One hundred years ago, in 1918, President Woodrow Wilson, with no foreign policy experience yet moved by the horrors of World War I, promoted a new idealism of global engagement that would make the world safe for democracy.
Believing that America had a responsibility and an opportunity to teach the world good governance, Wilson promoted the League of Nations. Sensing the need to rally support for Wilson's vision for a new world order, a distinguished group of academics and journalists came together to establish the Foreign Policy Association. The U.S. never did join the League of Nations, but at the close of WWII served as a founding member of its successor, the United Nations.
In the early 1920s, the FPA decided it should not seek to directly influence foreign policy decisions but to focus instead on public education with the expectation that a well-informed citizenry would push for enlightened policies.
Problems arise when the public is not involved in foreign policy. For example, our government withheld information from the public during the Vietnam War. The recent film "The Post" describes how Daniel Ellsberg leaked the Pentagon Papers to The New York Times. The Times faced an injunction to stop publication, at which point Ellsberg leaked the Pentagon Papers to the Washington Post and 15 other newspapers.
The case ultimately went to the Supreme Court, which ruled that the people have the right to know and allowed the newspapers to print the Pentagon Papers without risk of censure.
This information strengthened public opposition to the Vietnam War by exposing the deception of our government. With the right to know as determined by the Supreme Court, however, comes responsibility to learn and to act.
Again, we have a president, like Wilson in this regard, with no foreign policy experience. Nor does President Trump have experienced foreign policy experts among his close advisers. Our Department of State is charged with U.S. foreign policy formulation and implementation. At a time when there are hot spots all over the world underlain with complex issues, experienced State Department experts are resigning and some 50 senior-level political appointments remain unfilled.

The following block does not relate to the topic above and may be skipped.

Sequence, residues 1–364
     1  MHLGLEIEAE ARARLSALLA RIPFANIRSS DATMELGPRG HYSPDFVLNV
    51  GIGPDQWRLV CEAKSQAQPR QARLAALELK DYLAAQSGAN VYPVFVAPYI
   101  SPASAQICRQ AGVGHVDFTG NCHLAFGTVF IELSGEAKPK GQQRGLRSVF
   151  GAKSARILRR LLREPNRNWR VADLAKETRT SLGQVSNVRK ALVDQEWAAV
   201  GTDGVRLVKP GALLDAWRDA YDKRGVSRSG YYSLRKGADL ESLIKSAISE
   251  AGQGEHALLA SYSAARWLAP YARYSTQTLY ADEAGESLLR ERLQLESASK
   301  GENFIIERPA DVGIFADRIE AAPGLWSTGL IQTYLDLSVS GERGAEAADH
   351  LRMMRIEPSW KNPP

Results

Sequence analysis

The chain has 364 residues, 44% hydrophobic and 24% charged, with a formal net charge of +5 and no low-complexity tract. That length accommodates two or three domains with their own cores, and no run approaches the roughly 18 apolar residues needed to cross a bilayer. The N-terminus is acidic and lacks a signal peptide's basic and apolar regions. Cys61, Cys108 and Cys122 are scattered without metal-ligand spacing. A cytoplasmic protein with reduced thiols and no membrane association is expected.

Furthermore, with all that is happening on the Korean peninsula — nuclear arms in North Korea, the Winter Olympic Games in South Korea with athletes from North Korea participating and offering an opportunity for the two Koreas to at least talk — there is yet no U.S. ambassador in South Korea. How can we understand these issues and make our opinions heard?
Fortunately for us, the FPA still exists — 100 years strong in 2018. Annually, FPA develops for its Great Decisions program a list of eight timely topics and produces a briefing book. There are hundreds of Great Decisions programs across the U.S., including 25 in Pennsylvania alone.
Here in the Lehigh Valley you can participate in the 44th year of our program and submit an opinion ballot that goes to the White House, the departments of State and Defense, and Congress. Among our topics this year are Russia's foreign policy, and media and foreign policy.